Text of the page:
Lessons from the toybox
June 11, 2009
Who’s the better toy and friend for Andy? Woody or Buzz? Cowboy or space ranger? That critical question started the plot of Pixar Animation’s “Toy Story” in 1995. Of course, by the end of this top animated film, even the toys realize that they each are unique and have a certain place in a young boy’s heart.
Similarly, the nation’s retailers are in fierce competition for consumers’ love and food dollars. Then again, it’s clear that consumers aren’t necessarily wedded to just one concept. When it comes to finding value, today’s shopper plans ahead and is willing to visit supercenters, mass merchandise outlets, supermarkets, club stores and even dollar stores. Moreover, operators in each of these formats have been adding refrigerated cases and freezercases to both new and existing stores.
Still, just as Toy Story’s Buzz Lightyear attracts the most attention, it appears that supercenters capture the most consumer trips. In its “Times & Trends: Channel Migration 2008” report, Information Resources Inc. concluded, “Facing unprecedented financial burdens as gas, energy and CPG costs skyrocket simultaneously, consumers have made dramatic changes in where and how they shop.
“Consumers are balancing the need to save money on CPG products with the need to conserve gas; the result is fewer, larger trips. Supercenters have been the biggest beneficiaries of consumer change, securing sizable share gains across every major CPG department, across income and life stage segments and among heavy shoppers of competing channels. The grocery channel has lost ground across fresh-perishable, frozen and center store, including high-demand meal ingredient and meal component categories.”
IRI said its sales data show that - from fall 2007 to fall 2008 - supercenters were the only store type to achieve sales gains across six key grocery retail departments while traditional grocery retailers showed declines in four of six departments. Furthermore, supercenters exhibited gains with all income levels and with three high-potential market segments, including baby boomers, Hispanics and households with kids.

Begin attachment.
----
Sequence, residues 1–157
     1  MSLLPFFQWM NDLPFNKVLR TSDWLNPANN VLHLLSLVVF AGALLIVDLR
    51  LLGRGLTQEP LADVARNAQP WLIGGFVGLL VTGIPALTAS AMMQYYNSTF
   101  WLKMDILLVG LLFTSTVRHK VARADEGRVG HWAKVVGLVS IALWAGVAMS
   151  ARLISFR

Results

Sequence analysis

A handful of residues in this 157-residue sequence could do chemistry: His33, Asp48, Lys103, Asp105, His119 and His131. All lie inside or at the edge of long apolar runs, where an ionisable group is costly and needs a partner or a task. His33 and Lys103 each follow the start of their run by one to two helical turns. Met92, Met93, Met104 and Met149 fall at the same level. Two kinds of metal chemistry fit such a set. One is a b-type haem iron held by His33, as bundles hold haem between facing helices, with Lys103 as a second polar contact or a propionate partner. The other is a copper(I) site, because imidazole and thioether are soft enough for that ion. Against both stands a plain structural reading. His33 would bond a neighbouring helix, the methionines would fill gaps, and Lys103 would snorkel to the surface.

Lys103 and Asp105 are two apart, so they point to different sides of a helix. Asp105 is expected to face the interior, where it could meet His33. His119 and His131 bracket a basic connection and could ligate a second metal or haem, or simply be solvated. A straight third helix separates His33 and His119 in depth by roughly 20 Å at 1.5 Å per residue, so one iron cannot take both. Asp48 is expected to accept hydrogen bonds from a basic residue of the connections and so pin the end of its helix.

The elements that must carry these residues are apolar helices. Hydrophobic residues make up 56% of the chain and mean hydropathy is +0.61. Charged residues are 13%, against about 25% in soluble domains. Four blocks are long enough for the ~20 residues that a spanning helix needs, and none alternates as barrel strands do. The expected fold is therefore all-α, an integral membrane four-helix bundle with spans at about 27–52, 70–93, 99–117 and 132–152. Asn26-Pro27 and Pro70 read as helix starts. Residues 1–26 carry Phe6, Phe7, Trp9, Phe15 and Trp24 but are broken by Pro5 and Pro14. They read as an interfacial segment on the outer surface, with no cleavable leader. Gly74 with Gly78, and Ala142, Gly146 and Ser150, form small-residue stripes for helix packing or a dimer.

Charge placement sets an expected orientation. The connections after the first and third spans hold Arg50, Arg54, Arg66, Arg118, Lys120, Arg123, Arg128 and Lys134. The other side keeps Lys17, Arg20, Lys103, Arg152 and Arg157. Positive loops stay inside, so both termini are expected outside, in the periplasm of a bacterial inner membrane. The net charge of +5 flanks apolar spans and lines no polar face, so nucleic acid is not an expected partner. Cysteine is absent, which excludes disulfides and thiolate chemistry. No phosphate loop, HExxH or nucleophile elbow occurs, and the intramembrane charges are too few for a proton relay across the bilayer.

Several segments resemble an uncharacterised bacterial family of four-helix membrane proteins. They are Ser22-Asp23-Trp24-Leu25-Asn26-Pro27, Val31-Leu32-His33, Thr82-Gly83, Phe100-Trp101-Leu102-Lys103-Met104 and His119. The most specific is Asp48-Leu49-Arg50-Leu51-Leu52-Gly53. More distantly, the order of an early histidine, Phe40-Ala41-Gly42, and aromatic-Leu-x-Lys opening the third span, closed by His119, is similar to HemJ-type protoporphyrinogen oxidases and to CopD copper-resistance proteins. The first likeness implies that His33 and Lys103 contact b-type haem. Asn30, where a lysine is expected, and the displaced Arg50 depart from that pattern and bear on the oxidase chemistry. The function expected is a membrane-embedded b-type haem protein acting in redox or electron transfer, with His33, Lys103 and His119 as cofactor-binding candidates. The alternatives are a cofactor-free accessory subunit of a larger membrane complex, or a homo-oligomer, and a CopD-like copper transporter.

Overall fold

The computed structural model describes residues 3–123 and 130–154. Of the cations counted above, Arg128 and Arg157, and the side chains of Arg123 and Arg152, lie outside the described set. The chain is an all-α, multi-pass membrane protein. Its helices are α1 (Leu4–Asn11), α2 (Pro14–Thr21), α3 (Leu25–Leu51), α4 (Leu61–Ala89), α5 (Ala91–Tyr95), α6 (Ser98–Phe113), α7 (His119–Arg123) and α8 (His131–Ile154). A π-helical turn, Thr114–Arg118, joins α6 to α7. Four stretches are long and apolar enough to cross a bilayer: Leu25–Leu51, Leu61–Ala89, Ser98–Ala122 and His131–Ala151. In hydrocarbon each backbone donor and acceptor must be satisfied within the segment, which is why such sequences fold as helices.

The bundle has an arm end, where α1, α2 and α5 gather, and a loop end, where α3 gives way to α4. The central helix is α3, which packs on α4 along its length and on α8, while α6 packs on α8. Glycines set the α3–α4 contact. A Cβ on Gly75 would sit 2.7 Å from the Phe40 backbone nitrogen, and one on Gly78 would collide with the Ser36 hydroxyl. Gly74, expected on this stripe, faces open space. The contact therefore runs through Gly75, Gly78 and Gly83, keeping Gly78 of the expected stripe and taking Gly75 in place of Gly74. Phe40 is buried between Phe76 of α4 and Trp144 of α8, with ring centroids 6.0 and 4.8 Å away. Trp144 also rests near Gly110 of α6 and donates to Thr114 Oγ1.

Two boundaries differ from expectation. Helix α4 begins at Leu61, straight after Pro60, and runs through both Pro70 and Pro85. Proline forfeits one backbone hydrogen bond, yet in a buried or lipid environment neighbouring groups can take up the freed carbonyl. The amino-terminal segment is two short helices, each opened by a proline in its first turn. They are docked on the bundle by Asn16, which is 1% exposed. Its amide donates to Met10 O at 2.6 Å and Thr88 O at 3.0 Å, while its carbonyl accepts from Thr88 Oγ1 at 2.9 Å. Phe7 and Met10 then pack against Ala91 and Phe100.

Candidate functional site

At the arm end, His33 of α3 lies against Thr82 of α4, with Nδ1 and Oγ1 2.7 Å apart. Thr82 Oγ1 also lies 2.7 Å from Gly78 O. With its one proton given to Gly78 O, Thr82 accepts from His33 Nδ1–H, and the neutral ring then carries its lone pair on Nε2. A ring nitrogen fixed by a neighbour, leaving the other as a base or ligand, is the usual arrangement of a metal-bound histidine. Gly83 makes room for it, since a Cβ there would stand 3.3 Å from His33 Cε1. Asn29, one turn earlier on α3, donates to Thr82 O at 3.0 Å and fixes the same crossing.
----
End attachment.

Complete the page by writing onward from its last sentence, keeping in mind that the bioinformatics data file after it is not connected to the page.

Issuing a similar industry assessment was The Nielsen Co., Schaumburg, Ill.
“Mass merchandisers and grocery stores are feeling the impact of the supercenter,” said Todd Hale, senior vice president, Consumer & Shopper Insights. “Where we really start to see the expanding reach of the supercenter is in grocery, where a shift is occurring in everything from dairy to produce to meat and frozen foods. While the grocery channel has traditionally been viewed as recession-resistant, it is not recession-proof.”
Just last month, the Food Marketing Institute, the nation’s largest traditional supermarket association, delivered its own report: “2009 Food Retailing Industry Speaks: Annual State of the Industry Review.”
Officials said supermarket industry sales increased 5.2 percent in 2008, and identical-store sales rose 4.5 percent, but these gains were offset by the 5.7 percent food-at-home inflation rate last year. Adjusted for inflation, sales declined 0.5 percent and identical-store sales 1.2 percent.
“The industry showed its resilience in the most challenging economy in modern history,” noted FMI President and Chief Executive Officer Leslie G. Sarasin. “Retailers aggressively discounted products and increased their lines of private brands to help American families lower their grocery bills. At the same time, they continued to control costs by improving efficiency and productivity, a hallmark of this industry.”
Looking at the future, retailers reported increasing concern about the impact of numerous issues - especially the economy - which is having a pervasive impact on the industry. The impact of issues, measured on a 1-to-10 scale with 10 being the highest, increased for nearly every issue, comparing the rating in 2008 with the expected impact in 2009-2010. For the first time in the six years FMI has tracked concern levels, retailers rated the impact of two - competition and the economy - at 8.0 or more.
FMI said supermarkets are responding strongly to consumer demand for lower-cost foods in three ways. First, the research found a significant increase in companies emphasizing low prices as a competitive strategy. Second, retailers are featuring private brands more prominently. Third, half of supermarkets are offering savings through frequent shopper or loyalty card programs, and rate their success as rising.
FMI noted that supermarkets continue to pursue strategies other than discounting prices. Nearly all (97.3 percent) emphasize that perishables will gain a competitive advantage and gave it the highest success rating at 8.1, although this figure is down from 8.4 in 2008.
In addition, 68.4 percent are focusing on consumer wellness and family health as a competitive strategy, rating its effectiveness at 5.6. These figures decreased from 84.9 percent and 6.5, respectively.
Nielsen data also suggest that warehouse clubs and dollar stores have reaped “significant benefits” from a recession-minded consumer base. Warehouse clubs saw increases across the board, while dollar stores racked up gains everywhere but in general merchandise and health and beauty aids.
“Consumers continue to look for ways to stretch their dollar, and in some areas, that means shifting their spending in traditional grocery departments such as frozen and dry goods to warehouse clubs and dollar stores,” said Hale. “That said, the positive shifting for the warehouse and dollar channels are not enough to offset losses due to consumers simply cutting back in this difficult economy.” - B.G.